The archaeology

The two Roman walls – those of Hadrian and Antoninus Pius – are well known monuments that have been studied for several centuries. Consequently, they are understood in great detail and a vast amount of archaeological evidence has been assembled not just about the walls but about their supporting infrastructure and general context. If the earthwork we know as Offa’s Dyke is in fact of early third-century date, we would expect it to exhibit many, if not all, the features of these two walls, especially the Antonine Wall, which is an earthwork embankment. On the other hand, if Offa’s Dyke is Saxon, then it ought to display features consistent with other Saxon earthworks, such as Wansdyke.

The Antonine Wall consists of a turf rampart at least 3 m (10 feet) high and perhaps as much as 3.7 m (12 feet) high; this was laid on a stone base usually 4.3 m (14 feet) wide. In this respect, it resembled other linear frontier works (such as the German and North African limites). To the north of the wall, at a usual distance of 6.1 m (20 feet), lay a ditch 12.2 m (40 feet) wide and 4 m (13 feet) deep in the eastern sector and averaging 8.4 m (27˝ feet) wide and as little as 1.8 m (6 feet) deep in the western sector. On top of the wall stood a wooden palisade and walkway.

Immediately south of the wall ran a road about 5.5 m (18 feet) wide; this was an innovation, as Hadrian’s Wall was served by the existing Stanegate, some distance to the south. The wall was built in segments by detachments from the three legions serving in the province, who recorded their work on highly decorative distance slabs. Numerous temporary camps housing the troops involved in the building work have been located. Finally, some nineteen forts were placed at intervals along the wall, at an average distance of about 3.25 km (although this varies considerably). The forts themselves vary in size but contain the usual range of buildings (headquarters buildings, commandants’ residences, barracks, stores, granaries, stables and so on). With one exception (Cadder), the forts faced north, towards hostile territory. Fortlets and beacon platforms have also been recognised on the wall.

What we have in the Antonine Wall is a complex and integrated system. There is a great deal of archaeological evidence for its construction in the form of temporary camps and building inscriptions, then of its garrison. We do not have to rely on the fourth-century Historia Augusta to tell us that it was built under Antoninus Pius, as the distance slabs record the name of the emperor.

How does Offa’s Dyke compare? If, as Blake and Lloyd assert, it was actually built by the emperor Septimius Severus, who was in Britain from 208 until his death in 211, it ought to show many similarities to the Antonine Wall, built almost seventy years earlier. It ought also to show some innovations based on the experience of that wall.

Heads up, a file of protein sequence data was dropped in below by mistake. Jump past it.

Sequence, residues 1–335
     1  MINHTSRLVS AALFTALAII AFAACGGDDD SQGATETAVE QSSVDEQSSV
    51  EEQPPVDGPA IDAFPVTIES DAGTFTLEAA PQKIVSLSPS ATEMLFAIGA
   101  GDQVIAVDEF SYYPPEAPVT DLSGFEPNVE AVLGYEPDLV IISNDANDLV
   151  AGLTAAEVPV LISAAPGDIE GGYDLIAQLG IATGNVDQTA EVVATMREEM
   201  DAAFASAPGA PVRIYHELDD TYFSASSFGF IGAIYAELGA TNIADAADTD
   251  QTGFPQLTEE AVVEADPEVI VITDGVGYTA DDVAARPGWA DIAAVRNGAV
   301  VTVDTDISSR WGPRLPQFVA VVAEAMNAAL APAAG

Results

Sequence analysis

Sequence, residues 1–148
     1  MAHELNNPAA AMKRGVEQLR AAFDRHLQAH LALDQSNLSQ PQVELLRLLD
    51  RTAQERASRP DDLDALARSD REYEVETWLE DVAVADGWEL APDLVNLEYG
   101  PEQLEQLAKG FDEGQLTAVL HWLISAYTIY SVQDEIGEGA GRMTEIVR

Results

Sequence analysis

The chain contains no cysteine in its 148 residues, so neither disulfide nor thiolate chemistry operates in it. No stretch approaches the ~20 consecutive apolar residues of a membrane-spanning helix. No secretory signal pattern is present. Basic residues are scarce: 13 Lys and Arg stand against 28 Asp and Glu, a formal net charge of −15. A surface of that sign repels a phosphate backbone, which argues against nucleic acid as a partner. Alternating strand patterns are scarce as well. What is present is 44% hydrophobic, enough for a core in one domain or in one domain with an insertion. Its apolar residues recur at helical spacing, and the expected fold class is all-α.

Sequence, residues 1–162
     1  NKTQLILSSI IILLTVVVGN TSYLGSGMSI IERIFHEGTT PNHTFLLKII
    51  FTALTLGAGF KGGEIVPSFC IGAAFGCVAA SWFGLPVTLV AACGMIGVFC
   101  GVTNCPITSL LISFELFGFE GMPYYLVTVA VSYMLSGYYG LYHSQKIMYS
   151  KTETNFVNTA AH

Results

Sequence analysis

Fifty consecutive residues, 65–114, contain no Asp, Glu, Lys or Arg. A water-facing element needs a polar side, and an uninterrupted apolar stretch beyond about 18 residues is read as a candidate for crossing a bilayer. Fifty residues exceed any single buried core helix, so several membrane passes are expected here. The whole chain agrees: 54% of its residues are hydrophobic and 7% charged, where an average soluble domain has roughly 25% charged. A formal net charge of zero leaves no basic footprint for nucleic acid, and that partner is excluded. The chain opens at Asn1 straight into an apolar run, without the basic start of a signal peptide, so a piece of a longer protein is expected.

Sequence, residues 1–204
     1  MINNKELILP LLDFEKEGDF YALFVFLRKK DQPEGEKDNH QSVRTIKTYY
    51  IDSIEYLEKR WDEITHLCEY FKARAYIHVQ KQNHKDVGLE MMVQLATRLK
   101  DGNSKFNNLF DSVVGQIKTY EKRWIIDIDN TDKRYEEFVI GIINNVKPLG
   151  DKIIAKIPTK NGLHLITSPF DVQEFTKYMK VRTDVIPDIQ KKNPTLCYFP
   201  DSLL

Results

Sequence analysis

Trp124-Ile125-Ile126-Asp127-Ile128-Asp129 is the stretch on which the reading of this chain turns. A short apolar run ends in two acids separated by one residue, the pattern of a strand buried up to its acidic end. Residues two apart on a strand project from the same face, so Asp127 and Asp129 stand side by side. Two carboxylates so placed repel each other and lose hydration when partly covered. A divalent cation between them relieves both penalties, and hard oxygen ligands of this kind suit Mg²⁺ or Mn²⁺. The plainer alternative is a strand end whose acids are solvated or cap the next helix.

The earthwork construction of the Dyke varies considerably along its length and, unlike the Hardrianic and Antonine frontiers, it is not continuous throughout its length, with many original gaps, including one of 96 km (60 miles) where the River Wye appears to have formed the frontier. A total of 130 km (81 miles) were built as an earthwork, standing at least 7.3 m (24 feet) high. At Llanfynydd, at the northernmost end of Offa’s Dyke, the ditch was found to be at least 4 m (13 feet) wide and 1.5 m (4.9 feet) deep; there was no gap between the ditch and the base of the bank. In places, the combined width of the bank and ditch is 20 m (66 feet). There is no evidence of a continuous palisade on top the Dyke, although there seems to have been a stone wall in places and timber fencing in others, while some sections of Wat’s Dyke appear to have had a timber frontage to the rampart (as at Sychdyn, near Mold). Both Dykes lack the infrastructure seen at the Antonine Wall: there is no military road, no garrison stationed in forts attached to the Dyke (although Cwrt Llechrhyd, a moated site at Llanelwedd in Powys had been claimed as an Offan fort), no temporary camps to house the builders, no building inscriptions. Moreover, the Antonine Wall is full of Roman artefacts recovered during excavations: Offa’s Dyke has only scraps of abraded Roman material culture within its structure. Blake and Lloyd talk about the “Roman artefacts... found within the Dyke” as if they date its construction. The concept of the terminus post quem – the archaeological principle that states that no deposit can be older than the date of the most recent object found within it – ought to tell us that the Dyke is of Roman or later date. This is entirely possible because of residuality – the idea that objects can turn up in deposits of much more recent date.